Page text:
Qualcomm president Cristiano Amon has praise for Apple's new M1 chip

Qualcomm preident Cristiano Amon has praise for Apple's new M1 chip
Just last year Apple and Qualcomm were engaged in a long legal battle over the chip designer's licensing policy. According to Qualcomm, this policy can be boiled down to four words: "no license, no chips." Both firms also sued each other claiming patent infringement. Eventually, both companies shook hands and agreed to a settlement. Apple paid Qualcomm an estimated $4.5 billion and both sides agreed to drop all legal charges against each other. Apple received a license for chipsets from Qualcomm for six years with an option for two additional years, and a multi-year chip supply agreement.

So Apple and Qualcomm are not only bosom buddies now, Qualcomm has nothing but kind words to say about the iPhone manufacturer's brand new home-grown chipset, the Apple M1. Built by TSMC using its 5nm process node, the M1 is Apple's replacement for the Intel chips that it used to employ on the lower-end MacBook. The M1 sports an incredible 16 billion transistors packed inside (compared to 11.8 billion transistors on the iPhone 12 series' A14 chipsets). The larger the number of transistors found inside a square mm, the more powerful and energy-efficient a chip is. Consider that the M1 and the A14 both squeeze 171.3 million transistors into a space about the size of a square mm.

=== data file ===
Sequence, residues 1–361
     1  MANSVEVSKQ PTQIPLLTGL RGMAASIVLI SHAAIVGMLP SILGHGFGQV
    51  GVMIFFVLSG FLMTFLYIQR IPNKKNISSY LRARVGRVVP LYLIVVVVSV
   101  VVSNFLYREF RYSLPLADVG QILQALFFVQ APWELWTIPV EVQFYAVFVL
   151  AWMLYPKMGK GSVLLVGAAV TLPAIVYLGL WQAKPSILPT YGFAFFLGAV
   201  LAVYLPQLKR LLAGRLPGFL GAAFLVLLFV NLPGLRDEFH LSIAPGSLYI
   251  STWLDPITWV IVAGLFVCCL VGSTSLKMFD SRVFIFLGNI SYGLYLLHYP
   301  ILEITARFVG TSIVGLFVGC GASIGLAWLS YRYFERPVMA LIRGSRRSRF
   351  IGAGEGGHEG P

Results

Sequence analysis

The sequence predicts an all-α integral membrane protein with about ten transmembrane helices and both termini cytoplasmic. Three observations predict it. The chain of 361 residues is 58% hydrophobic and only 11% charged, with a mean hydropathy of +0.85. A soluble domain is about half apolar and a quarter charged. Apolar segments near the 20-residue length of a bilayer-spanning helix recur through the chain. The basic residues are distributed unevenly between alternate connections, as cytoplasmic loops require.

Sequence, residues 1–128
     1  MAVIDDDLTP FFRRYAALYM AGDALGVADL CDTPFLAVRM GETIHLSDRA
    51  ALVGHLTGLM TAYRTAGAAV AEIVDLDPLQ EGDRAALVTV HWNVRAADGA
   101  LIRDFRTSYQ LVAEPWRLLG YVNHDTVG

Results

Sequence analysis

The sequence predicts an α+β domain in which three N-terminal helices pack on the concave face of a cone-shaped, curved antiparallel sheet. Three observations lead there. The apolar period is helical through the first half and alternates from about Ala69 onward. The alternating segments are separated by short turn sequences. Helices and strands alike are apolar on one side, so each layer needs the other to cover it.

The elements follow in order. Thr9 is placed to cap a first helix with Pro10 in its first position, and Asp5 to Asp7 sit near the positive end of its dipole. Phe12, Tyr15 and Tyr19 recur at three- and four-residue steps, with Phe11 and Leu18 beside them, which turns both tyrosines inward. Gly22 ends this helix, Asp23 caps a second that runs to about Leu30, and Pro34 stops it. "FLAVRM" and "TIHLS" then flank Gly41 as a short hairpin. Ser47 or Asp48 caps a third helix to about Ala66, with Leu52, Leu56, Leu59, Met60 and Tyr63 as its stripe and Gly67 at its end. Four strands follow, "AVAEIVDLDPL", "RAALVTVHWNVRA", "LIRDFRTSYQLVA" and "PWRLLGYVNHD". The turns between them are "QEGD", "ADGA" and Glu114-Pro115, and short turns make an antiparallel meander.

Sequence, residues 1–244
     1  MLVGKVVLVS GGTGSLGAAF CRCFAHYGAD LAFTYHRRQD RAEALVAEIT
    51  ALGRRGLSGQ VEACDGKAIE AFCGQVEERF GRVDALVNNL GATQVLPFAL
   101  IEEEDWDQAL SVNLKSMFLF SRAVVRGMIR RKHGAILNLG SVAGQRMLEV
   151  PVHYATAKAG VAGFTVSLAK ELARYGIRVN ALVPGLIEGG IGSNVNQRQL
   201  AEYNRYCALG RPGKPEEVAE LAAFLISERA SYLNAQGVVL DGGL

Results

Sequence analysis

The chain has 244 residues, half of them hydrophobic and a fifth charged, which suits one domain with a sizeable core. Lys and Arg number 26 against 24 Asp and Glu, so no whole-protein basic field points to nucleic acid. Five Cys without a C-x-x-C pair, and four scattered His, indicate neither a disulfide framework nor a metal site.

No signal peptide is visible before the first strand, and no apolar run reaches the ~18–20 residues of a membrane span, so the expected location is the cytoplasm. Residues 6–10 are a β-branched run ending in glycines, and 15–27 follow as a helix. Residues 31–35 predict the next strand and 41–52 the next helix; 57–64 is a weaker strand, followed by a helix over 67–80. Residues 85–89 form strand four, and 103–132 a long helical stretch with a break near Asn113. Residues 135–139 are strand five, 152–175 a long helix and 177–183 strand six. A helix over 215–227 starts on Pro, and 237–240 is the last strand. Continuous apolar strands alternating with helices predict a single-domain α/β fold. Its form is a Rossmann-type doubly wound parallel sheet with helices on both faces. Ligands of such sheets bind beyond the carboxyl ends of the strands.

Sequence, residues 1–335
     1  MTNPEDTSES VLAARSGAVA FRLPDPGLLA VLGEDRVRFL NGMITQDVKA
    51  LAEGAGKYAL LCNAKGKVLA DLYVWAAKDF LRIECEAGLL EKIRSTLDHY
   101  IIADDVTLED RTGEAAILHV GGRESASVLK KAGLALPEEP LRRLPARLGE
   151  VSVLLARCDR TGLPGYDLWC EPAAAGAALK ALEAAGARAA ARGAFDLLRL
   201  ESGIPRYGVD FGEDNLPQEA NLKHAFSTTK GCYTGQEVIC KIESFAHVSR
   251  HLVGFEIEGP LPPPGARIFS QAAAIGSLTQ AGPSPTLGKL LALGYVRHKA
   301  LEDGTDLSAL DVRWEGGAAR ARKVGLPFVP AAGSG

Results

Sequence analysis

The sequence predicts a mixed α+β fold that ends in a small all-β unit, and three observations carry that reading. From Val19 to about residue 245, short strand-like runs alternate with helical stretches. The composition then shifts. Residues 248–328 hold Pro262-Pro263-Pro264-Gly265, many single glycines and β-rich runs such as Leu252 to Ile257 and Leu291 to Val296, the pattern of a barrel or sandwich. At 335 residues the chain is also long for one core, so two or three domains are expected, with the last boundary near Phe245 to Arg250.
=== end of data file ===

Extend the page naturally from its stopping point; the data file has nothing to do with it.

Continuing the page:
Qualcomm president Cristiano Amon had nothing but praise for Apple's M1. On The Verge's podcast, Amon was asked if there were any lessons that Qualcomm and Microsoft could learn from Apple and the M1. The executive said that Qualcomm was very happy about the announcement "because it validates our belief...that the mobile user is defining what they expect out of the PC experience."

Amon also pointed out that Adobe recently announced new applications that are ARM native and said that once you make it ARM native, "performance increases as you have now app compatibility...It’s about battery life, it’s about connected, it’s about a whole different multimedia experience."

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